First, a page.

Why I Write

To Have Fun

I don’t know about you, but I love to crack open the shell of the ordinary and write about whatever comes oozing through.

To Have a Voice

Not every one of my books or stories addresses a topical issue – far from it. I find that if I try to write to an issue my pen drops as dead as a vampire with a stake through its heart. But topics I care about have a way of slipping into my writing. They’re there, simmering at the back of my mind, till they boil and flow over into an idea that I can’t resist.

To Question Assumptions

I like my writing to challenge the assumptions of my readers, but I like it even more when it helps me to uncover and challenge my own assumptions. I wrote a picture book about a family evacuating ahead of a bushfire. I put the father in the driver’s seat in the initial draft. In the second (or perhaps it was the third) draft I asked myself why I had done that. Men and women are equally capable of driving. I handed Mum the keys.

To Keep Learning

I think  there’s always more to learn about writing itself. Some resources I love include Girl and Duck and Writing Excuses. But my education as a writer strays into fields far from the art of writing. Some things I’ve recently researched for the sake of stories are: the diet of sea turtles, predicted sea level rises, imaginary friends in older children, the reign of Queen Marie Antoinette, attire and lifestyle on the Aussie Goldfields, prawning, Ancient Roman Baths, Australian Megafauna… I could go on. I love delving into different fields and writing keeps the questions coming. I believe as a writer it’s important to get your facts as straight as you can, which is great, because it means that as long as I write, I’ll never stop learning.

To Remember and Reflect

Even though I mainly write speculative fiction, a step (or a mile) removed from the ordinary, my life experiences come seeping through. Putting them on paper lets me see them in different ways. I become both the psychologist and the patient.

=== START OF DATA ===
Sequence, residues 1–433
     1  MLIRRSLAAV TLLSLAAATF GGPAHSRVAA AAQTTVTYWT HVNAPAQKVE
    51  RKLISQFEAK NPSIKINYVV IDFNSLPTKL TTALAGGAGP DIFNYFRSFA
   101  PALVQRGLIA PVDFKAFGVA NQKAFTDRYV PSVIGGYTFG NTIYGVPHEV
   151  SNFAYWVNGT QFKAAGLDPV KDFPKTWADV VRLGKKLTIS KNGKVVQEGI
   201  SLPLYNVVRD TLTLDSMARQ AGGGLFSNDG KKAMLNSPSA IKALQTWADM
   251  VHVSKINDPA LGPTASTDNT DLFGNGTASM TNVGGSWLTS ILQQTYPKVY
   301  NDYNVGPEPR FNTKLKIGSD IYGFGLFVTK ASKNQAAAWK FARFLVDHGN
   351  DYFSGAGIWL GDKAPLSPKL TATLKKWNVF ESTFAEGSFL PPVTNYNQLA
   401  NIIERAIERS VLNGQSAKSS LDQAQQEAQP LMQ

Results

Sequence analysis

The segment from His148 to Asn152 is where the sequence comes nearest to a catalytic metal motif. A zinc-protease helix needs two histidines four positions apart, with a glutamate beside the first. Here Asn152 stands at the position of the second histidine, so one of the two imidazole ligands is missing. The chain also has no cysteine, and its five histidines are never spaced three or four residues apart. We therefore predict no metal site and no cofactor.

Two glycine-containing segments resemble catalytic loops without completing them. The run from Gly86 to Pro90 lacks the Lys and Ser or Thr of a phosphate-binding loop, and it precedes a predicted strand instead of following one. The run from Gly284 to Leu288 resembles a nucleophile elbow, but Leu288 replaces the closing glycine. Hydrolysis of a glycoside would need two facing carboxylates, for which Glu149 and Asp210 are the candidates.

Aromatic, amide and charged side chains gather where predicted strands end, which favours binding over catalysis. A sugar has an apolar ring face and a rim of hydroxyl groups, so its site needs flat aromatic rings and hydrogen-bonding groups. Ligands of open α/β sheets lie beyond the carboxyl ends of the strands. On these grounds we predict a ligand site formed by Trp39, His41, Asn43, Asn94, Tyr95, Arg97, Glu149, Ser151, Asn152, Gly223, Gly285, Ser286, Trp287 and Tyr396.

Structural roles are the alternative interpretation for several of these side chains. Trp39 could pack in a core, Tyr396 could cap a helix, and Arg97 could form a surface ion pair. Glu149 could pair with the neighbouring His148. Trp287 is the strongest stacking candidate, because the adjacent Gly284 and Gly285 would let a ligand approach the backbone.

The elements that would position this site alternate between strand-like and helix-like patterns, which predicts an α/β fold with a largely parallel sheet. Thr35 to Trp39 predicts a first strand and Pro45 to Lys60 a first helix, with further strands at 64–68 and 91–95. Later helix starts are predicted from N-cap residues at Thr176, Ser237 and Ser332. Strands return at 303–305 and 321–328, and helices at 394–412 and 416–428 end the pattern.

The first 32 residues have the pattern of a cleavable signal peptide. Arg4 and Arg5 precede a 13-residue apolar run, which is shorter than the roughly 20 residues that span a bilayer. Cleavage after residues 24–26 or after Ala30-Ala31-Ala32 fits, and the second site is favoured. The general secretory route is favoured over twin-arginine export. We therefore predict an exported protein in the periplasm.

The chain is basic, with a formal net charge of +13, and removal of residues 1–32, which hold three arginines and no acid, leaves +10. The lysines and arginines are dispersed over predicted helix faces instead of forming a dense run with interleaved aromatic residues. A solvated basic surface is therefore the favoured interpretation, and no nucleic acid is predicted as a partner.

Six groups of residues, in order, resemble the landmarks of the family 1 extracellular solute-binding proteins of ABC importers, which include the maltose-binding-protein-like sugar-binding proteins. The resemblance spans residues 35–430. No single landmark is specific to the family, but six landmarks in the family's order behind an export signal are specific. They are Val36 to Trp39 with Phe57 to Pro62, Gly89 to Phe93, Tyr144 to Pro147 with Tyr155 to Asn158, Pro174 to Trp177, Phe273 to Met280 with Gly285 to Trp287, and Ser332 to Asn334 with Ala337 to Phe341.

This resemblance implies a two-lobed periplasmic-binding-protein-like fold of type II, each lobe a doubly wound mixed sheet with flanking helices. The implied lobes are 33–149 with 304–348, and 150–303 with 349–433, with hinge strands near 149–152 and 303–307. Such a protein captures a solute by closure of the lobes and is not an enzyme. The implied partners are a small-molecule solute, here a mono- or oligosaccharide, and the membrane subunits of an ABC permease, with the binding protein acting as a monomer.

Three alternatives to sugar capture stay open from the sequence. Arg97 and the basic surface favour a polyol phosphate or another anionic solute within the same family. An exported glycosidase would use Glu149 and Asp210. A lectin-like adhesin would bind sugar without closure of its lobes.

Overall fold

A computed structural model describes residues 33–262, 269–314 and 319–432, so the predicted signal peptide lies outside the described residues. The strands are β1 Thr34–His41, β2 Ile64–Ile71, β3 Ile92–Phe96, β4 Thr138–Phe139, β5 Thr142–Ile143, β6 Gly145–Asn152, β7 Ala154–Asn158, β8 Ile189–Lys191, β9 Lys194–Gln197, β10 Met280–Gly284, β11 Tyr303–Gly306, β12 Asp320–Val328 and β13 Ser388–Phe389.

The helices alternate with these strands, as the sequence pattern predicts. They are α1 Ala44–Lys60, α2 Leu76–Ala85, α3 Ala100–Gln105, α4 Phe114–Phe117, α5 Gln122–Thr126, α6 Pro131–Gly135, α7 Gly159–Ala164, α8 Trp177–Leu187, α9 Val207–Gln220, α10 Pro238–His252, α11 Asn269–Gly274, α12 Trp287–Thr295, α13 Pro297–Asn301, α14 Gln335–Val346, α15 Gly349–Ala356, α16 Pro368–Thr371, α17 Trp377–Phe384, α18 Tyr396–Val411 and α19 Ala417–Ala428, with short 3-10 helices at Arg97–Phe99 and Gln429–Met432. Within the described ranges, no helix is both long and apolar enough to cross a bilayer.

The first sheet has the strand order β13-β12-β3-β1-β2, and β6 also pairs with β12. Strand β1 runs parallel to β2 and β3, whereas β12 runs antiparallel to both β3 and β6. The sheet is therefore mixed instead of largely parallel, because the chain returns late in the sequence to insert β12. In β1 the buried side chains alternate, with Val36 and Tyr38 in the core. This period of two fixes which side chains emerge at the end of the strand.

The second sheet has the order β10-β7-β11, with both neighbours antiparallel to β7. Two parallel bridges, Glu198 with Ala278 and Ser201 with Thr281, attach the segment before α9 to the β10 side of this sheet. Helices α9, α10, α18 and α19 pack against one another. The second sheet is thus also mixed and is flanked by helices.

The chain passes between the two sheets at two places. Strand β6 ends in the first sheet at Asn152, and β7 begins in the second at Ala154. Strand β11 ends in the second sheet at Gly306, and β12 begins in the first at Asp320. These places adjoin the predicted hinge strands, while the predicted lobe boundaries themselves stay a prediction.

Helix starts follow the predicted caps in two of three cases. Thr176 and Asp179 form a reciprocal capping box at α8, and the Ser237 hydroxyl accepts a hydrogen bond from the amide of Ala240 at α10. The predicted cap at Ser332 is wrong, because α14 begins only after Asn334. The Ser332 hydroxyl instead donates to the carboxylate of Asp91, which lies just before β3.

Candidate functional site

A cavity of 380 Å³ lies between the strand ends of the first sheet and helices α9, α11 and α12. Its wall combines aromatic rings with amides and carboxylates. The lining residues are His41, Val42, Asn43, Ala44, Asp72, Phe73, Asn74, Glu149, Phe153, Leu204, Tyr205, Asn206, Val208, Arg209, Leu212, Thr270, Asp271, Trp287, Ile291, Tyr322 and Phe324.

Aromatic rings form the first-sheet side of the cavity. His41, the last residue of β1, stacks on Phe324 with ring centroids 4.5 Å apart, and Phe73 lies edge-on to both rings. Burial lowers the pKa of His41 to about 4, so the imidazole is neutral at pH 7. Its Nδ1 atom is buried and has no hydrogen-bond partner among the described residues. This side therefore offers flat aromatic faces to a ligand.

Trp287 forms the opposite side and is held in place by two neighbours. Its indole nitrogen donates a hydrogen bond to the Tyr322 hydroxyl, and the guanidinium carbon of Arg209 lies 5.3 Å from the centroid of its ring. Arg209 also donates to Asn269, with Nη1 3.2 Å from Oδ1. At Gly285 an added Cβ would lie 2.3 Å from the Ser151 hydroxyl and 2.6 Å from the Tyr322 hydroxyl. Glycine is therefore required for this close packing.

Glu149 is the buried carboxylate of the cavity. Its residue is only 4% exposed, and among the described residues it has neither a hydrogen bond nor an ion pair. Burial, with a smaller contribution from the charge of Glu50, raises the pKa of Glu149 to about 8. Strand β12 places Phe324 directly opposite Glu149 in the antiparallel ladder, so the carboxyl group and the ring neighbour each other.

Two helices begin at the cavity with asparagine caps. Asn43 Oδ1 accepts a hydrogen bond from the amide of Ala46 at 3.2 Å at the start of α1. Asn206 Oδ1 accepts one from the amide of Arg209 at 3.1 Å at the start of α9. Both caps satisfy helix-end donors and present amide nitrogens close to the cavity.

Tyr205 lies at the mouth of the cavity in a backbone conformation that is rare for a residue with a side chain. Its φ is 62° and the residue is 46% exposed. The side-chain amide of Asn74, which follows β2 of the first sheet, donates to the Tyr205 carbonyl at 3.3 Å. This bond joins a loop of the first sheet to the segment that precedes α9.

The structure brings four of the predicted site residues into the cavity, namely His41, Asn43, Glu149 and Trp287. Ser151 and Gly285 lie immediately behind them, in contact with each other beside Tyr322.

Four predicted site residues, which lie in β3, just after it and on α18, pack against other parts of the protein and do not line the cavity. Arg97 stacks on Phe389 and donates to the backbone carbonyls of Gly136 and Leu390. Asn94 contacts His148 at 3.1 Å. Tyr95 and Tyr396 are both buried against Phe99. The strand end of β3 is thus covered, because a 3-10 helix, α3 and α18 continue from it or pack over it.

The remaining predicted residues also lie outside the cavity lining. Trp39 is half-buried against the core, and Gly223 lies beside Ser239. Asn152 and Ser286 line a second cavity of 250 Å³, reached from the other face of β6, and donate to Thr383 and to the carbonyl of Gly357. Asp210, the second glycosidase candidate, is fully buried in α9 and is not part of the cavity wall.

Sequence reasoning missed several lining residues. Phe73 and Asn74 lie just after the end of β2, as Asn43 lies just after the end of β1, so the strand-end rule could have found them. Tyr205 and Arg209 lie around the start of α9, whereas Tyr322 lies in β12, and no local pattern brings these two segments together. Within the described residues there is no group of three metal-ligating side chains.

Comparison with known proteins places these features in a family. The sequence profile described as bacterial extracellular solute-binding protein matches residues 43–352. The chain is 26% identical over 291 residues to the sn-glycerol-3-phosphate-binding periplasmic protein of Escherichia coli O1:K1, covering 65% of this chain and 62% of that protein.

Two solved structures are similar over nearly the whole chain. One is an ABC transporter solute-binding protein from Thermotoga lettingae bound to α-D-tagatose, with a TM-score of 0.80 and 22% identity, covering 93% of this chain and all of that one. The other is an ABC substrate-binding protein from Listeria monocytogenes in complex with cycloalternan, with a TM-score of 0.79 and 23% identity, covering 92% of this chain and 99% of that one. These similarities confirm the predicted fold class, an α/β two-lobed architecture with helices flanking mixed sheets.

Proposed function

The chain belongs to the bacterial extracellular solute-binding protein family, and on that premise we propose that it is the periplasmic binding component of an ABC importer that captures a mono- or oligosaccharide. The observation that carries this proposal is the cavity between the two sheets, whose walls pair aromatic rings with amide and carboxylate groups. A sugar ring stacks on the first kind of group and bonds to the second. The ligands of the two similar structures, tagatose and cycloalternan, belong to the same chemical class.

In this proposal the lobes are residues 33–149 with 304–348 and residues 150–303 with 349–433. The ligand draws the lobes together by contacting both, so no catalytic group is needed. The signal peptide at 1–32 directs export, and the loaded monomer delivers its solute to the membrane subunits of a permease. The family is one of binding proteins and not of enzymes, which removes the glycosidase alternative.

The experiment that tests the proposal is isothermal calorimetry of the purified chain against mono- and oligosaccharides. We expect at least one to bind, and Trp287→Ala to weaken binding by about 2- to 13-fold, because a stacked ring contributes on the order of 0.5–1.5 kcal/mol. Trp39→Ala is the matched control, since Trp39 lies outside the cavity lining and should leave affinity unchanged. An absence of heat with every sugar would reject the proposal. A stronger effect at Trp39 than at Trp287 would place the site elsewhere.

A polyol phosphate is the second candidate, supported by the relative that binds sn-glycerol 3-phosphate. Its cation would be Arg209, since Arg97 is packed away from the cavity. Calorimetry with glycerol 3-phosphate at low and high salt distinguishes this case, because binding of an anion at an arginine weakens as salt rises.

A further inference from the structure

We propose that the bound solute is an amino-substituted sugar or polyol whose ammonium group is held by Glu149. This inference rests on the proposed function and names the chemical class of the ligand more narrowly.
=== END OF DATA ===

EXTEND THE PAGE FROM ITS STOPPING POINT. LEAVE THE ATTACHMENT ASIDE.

Andromeda Spaceways Issue #67

I was recently lucky enough to have the opportunity to co-edit an issue of Andromeda Spaceways Magazine. I worked with some fantastic writers, and was really proud of the stories Joel and I chose for the issue. There were some hard choices  to make and there were stories I was very sorry to let go. It’s given me new insights into how many really wonderful writers there are in the world. Check it out here to find alien worlds, flutters in time and dimension, curses, monstrosities and dystopias.



Preschoolers, Picture Books and Pre-programming.


‘Sharks are for boys,’ my daughter told me shortly after starting preschool. Adding insult to injury, she followed it up with: ‘Girls like fairies and mermaids and princesses.’

The next day we went to the library and (by no coincidence) borrowed several shark books, which returned her to her shark-loving status. The incident got me thinking about how early pressure to fit gender norms begins — and what the run-on effects throughout life might be. What is the influence of picture books and children’s TV on gender equity in the workforce down the track? Are women being put off from potential careers before they hit high school, or even primary school?

Maybe You Should Fly a Jet is a rhyming picture book by Theo LeSieg (Dr Seuss) on potential career paths. It was published in 1980. In the pictures, there are 89 men shown working and only twenty women. One of the occupations was ‘bride.’ There will always be plenty of books showing men in traditional roles—firefighters (firemen), police officers (policemen), farmers, scientists, doctors and dentists are all male dominated fields in traditional children’s fiction. Likewise, I’ve noticed that men in picture books are less likely to be caught doing the dishes or laundry than they are in reality.

I have challenged myself when writing, especially for children, to question every gender assignation. I let myself write what comes ‘naturally’, then see what happens when I reverse that. The resulting role changes are nothing dramatic, but it helps me to show the world in a different light, even if only for my own benefit.

Poem of the Day

Australian Children’s Poetry Website

The New Ssstudent

Slithering, whispering

A snake came to class

Brightly glittering

Its scales like glass

Short, thick body

Banded with grey

Wiggling lure tail

Tempting for prey.

Terrible, horrible

It gave us a turn

But Mrs MacWinkle

Said, ‘It may wish to learn.’

Snake failed English

Again and again;

Snakes are not built

For holding a pen.

Snake could not learn

To decipher a map,

Of history and science

It knew not a scrap.

But to our surprise

That snake was able

To complete with a snap

The seven times table.

At sums and fractions

It couldn’t be greater:

Its mind was just like

The best calculator.

When we realised the truth

We could hardly be gladder:

Mathematics comes easy

When you are an adder.

Jessica Nelson
  • Submitted in response to Poetry Prompt #4


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